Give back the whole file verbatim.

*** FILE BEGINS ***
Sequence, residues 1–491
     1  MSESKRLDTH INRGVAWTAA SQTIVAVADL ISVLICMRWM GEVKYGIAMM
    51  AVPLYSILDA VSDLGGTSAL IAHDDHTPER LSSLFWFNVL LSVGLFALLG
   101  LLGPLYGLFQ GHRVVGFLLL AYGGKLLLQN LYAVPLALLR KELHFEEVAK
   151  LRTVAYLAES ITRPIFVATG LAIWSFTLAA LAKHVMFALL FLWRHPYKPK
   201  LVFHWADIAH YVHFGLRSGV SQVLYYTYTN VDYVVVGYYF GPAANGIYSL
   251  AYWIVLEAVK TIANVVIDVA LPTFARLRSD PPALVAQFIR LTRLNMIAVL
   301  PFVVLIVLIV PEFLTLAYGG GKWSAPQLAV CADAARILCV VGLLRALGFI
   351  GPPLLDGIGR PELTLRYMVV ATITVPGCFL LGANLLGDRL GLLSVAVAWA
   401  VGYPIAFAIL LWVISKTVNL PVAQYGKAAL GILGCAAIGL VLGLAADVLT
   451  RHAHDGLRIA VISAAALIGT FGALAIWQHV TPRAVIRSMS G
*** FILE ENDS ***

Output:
Sequence, residues 1–491
     1  MSESKRLDTH INRGVAWTAA SQTIVAVADL ISVLICMRWM GEVKYGIAMM
    51  AVPLYSILDA VSDLGGTSAL IAHDDHTPER LSSLFWFNVL LSVGLFALLG
   101  LLGPLYGLFQ GHRVVGFLLL AYGGKLLLQN LYAVPLALLR KELHFEEVAK
   151  LRTVAYLAES ITRPIFVATG LAIWSFTLAA LAKHVMFALL FLWRHPYKPK
   201  LVFHWADIAH YVHFGLRSGV SQVLYYTYTN VDYVVVGYYF GPAANGIYSL
   251  AYWIVLEAVK TIANVVIDVA LPTFARLRSD PPALVAQFIR LTRLNMIAVL
   301  PFVVLIVLIV PEFLTLAYGG GKWSAPQLAV CADAARILCV VGLLRALGFI
   351  GPPLLDGIGR PELTLRYMVV ATITVPGCFL LGANLLGDRL GLLSVAVAWA
   401  VGYPIAFAIL LWVISKTVNL PVAQYGKAAL GILGCAAIGL VLGLAADVLT
   451  RHAHDGLRIA VISAAALIGT FGALAIWQHV TPRAVIRSMS G